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The remaining ruins of one of the two ranch houses, here exposing the fireplace and an old iron headboard and footboard of their bed, along with other everyday items, such as pails and cans. When I camped in the ranch house 25 years ago, a little gray fox jumped up into the window of the house, an occurence not repeated on this trip:

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After setting up our tents, the clouds began to thicken, and after dinner, a light rain began to fall. If you’ve never smelled the desert after a rain, you must add it to your “bucket list.” There is no sweeter smell in all the world:

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The morning greeted us with dense fog, like a heavy, wet blanket:

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A beautiful example of purple prickly pear cactus, guarded by the ominous lechuguilla:

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Pretty typical of the first 6 miles of today’s hike, Ken makes his way along the trail through the fog, really a blessing instead of the 90 degree heat and sun that you usually get out here:

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One of the most beautiful and unusual plants we encountered in the desert…I cannot identify it, but I can enjoy its beauty:

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The next four hours were spent “slogging” our way up the 3000 foot ascent from the desert floor to the crest of the Chisos Mountains, finally punching through the clouds into bright sunshine and warm temps:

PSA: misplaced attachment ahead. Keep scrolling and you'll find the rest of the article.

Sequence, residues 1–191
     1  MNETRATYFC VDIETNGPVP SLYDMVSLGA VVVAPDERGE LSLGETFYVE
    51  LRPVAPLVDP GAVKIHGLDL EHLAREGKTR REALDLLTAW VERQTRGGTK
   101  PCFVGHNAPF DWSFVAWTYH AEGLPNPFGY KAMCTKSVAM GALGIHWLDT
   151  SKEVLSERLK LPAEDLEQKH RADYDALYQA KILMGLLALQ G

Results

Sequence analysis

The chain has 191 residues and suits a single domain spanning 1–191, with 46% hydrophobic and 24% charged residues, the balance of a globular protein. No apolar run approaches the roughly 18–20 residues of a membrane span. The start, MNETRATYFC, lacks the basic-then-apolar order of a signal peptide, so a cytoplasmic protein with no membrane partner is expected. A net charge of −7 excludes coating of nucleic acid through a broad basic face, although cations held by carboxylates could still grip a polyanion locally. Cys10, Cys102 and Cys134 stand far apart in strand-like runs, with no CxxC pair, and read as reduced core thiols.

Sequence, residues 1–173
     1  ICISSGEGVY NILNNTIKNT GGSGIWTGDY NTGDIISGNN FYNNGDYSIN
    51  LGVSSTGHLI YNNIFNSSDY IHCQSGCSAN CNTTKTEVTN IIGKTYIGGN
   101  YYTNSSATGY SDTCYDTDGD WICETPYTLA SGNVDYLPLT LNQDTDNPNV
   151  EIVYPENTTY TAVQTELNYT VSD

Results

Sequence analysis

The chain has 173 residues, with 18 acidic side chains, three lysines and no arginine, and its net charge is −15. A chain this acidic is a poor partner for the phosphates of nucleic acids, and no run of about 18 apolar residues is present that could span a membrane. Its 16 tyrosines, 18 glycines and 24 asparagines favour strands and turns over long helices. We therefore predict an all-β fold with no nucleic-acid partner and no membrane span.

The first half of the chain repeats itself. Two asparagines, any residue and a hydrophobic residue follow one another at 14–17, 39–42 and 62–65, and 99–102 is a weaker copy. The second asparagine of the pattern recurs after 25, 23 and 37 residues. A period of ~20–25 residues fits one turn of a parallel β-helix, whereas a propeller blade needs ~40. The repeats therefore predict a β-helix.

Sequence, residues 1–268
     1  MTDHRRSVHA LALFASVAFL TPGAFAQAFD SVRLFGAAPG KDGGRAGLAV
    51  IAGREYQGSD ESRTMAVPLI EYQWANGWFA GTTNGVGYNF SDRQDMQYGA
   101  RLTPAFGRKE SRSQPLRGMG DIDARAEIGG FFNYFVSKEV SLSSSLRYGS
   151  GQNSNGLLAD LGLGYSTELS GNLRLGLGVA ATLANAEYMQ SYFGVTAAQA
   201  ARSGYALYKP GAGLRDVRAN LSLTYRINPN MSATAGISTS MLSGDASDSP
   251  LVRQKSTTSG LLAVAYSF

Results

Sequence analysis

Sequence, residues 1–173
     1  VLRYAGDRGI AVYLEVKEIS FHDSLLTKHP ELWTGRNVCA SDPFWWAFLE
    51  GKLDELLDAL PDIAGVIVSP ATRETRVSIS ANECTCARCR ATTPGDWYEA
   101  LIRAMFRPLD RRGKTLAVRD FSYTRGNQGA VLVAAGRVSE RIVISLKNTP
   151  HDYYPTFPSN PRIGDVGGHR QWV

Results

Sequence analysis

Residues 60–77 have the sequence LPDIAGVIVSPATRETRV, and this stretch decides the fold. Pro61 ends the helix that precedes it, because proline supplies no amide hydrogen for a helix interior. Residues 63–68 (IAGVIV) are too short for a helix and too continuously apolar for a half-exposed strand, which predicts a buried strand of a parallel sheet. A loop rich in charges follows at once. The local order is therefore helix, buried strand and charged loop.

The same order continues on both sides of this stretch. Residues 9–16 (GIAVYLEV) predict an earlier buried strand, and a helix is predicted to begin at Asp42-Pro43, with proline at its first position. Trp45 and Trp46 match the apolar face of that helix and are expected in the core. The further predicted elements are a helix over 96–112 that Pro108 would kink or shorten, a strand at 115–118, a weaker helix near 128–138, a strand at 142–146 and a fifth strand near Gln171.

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After 8 hours of hiking, we reached our campsite for the night, a designated site atop Juniper Canyon:

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Our last morning on the trail, we were visited in camp by two Del Carmen whitetail deer, a doe and a buck:

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Our final day on the trail was an easy one, joining the Boot Canyon Trail, which is known for its namesake, the “Boot:”

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One final look down Juniper Canyon, from whence we came some 3000 feet below:

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The view from atop the Pinnacles Trail at 7000 feet, looking north from the Chisos Mountains to the country that lies in the northern part of Big Bend National Park:

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You cannot do justice to the beauty and extreme wildness of the Chihuahua Desert in pictures. You must get down there and crawl in its dirt to appreciate its majesty. Thanks for taking time to endulge me by pouring through an unusually large number of pictures for this experience.

 

 

Published by

texasflashdude

Photography and Travel, specifically adventure travel and backpacking in remote North America, give me an excuse to stay outside. If kayaks, bikes, backpacks, Jeeps, archeology, geology and wildlife can be included, all the better. Having spent my life working in the fashion and photography industries, I love the unusual, the spectacular, and the beautiful. God has given us a wonderful world in which to live, and I try to open others’ eyes to its wonders. I have shared nearly 50 years of this indescribable wonder with my wife, Jodie, and we go everywhere together. I hope you will share some of our journey with us.

4 thoughts on “Just a Cakewalk

  1. Bob,

    I sooo enjoy your pictures. We really need to venture down your way. Someday. Not sure I would be able to make a trek like this, but a couple day trips would be fun. We are starting to develop a case of cabin fever and looking forward to some hikes in the southern part of the state. A 10 day trip to Colorado will be at the end of next month. More to visit relatives than camping.

    Well, off to the salt mine. Good hearing from you. Give our best to Jodie.

    Bill

    Date: Thu, 26 Feb 2015 06:54:49 +0000 To: wrhutchings@msn.com